The sun is setting on the Audi TT, at least in its current internal combustion guise. Audi’s electrification push as part of the larger Volkswagen Group could also see other models in its product line-up go fully electric, or be terminated altogether.

“The company has been involved in too many projects for several years. There will be things in the future that we no longer do, or things we do less,” said chairman Bram Schot at the company’s annual general meeting, adding that this means less complexity in new models and in the company’s model range as a whole.

The iconic Audi TT will be replaced in a few years with an electric car within the same price range, the chairman noted, while hinting that the mid-engined R8 – in its present form, at least – hangs in the balance. “Focusing also means leaving out. Do we need [an R8] successor with a combustion engine? Does this fit in with our vision? The discussion will will give us an answer to that,” he said.

And even though Audi’s current A8 made its debut just under two years ago, the German automaker has already hinted that its flagship sedan could likely go the purely electric direction. “That has not been decided yet, but I can well imagine it. We are thinking about revolutionising the top-end class with a completely new concept for the A8,” Schot said in his speech.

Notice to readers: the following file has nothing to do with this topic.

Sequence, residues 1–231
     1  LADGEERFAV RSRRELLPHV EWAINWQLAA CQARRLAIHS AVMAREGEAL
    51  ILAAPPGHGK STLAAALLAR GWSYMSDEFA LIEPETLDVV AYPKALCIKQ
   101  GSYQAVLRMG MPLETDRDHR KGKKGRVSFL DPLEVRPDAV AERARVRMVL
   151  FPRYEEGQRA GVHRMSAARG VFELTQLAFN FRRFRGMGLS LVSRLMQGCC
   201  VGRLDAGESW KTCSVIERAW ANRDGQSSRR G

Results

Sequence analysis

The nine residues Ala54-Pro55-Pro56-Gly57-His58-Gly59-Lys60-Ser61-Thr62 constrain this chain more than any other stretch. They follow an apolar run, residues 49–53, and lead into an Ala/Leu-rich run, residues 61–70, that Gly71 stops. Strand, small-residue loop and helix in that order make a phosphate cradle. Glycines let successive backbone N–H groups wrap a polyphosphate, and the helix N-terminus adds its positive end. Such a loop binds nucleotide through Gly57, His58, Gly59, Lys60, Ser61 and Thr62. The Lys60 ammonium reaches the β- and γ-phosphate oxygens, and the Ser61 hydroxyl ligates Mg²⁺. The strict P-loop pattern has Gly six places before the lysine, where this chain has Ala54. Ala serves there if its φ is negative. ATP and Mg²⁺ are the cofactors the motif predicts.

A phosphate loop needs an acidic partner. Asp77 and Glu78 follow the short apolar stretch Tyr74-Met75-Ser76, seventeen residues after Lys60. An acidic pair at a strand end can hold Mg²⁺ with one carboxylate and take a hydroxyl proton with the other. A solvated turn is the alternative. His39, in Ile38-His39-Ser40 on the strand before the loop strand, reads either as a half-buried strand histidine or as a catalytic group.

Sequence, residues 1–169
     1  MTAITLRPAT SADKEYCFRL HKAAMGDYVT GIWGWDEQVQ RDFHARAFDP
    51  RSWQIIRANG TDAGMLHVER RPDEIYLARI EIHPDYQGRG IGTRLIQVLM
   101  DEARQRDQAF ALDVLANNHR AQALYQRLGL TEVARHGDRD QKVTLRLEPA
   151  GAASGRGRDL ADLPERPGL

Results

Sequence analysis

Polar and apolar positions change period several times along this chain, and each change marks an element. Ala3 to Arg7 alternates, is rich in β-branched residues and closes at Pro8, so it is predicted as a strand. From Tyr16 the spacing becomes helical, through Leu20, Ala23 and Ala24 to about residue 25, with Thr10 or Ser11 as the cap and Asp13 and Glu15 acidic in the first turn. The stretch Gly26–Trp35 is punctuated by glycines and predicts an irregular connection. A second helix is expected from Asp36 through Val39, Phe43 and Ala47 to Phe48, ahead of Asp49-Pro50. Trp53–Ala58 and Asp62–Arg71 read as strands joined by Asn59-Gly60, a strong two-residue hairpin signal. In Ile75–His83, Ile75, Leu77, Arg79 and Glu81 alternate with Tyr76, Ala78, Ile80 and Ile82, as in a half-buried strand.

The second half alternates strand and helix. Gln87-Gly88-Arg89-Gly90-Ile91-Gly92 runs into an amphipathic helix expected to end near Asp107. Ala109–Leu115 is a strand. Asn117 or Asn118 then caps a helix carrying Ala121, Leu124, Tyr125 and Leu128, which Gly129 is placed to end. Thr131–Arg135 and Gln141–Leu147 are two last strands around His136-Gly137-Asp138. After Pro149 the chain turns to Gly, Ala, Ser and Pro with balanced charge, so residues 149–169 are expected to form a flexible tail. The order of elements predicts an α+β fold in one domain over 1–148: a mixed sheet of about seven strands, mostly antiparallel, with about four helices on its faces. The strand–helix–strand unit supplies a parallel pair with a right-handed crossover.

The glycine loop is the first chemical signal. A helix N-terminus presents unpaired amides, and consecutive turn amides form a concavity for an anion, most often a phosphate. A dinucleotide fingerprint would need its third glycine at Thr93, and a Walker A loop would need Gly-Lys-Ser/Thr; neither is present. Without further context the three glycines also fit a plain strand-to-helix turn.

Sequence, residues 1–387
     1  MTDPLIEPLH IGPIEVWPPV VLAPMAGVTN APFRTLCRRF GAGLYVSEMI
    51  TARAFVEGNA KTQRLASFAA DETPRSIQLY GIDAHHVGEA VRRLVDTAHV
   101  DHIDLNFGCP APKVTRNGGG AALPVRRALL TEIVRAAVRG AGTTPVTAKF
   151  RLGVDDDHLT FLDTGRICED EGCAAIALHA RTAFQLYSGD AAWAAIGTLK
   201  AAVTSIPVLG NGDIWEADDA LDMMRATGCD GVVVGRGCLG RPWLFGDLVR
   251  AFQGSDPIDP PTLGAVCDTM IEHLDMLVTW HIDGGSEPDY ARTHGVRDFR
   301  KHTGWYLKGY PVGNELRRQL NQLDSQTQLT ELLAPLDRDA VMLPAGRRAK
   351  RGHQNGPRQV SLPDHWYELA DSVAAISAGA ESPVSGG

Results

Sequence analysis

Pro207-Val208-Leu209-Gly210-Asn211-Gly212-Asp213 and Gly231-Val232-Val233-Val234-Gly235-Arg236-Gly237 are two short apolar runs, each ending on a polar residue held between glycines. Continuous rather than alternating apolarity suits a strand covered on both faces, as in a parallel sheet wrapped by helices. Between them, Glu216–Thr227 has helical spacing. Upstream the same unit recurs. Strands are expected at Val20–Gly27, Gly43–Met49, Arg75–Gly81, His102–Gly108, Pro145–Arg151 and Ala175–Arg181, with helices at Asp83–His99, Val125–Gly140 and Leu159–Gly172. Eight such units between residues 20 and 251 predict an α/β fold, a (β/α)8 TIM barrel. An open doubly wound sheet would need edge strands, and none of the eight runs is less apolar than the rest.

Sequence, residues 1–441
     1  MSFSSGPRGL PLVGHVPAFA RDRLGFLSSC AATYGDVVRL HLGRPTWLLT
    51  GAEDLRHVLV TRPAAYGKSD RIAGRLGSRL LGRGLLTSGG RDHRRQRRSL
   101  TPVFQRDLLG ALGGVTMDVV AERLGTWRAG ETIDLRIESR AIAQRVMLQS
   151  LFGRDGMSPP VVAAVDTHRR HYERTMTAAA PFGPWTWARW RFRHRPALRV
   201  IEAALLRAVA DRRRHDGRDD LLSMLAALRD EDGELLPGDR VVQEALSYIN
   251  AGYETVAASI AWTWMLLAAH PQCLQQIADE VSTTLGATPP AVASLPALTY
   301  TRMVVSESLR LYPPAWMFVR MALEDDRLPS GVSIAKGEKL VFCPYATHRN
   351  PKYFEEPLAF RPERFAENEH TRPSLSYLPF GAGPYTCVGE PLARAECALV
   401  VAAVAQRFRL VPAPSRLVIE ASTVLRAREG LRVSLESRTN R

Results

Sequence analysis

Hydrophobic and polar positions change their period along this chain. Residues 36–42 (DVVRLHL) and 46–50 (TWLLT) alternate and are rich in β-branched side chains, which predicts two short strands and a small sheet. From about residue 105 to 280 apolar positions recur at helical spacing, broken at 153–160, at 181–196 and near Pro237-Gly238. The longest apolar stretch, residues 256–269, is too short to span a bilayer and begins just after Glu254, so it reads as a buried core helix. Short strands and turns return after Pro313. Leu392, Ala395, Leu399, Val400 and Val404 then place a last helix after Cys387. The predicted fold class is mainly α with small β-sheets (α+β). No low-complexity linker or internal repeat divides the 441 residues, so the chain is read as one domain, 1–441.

Given the current, D5-generation A8‘s youth in its lifecycle, there is plenty of time for a firm decision to be made in Ingolstadt; the previous D4 made its debut in 2011, giving it a lifespan of six years before its successor arrived. Further along Audi’s model line-up, there could be more to follow the full EV route.

Of the 20 new models Audi has planned for launch by 2025, 12 will get all-electric powertrains. Among them is the e-tron GT which was shown as a concept late last year, slated for production in 2020.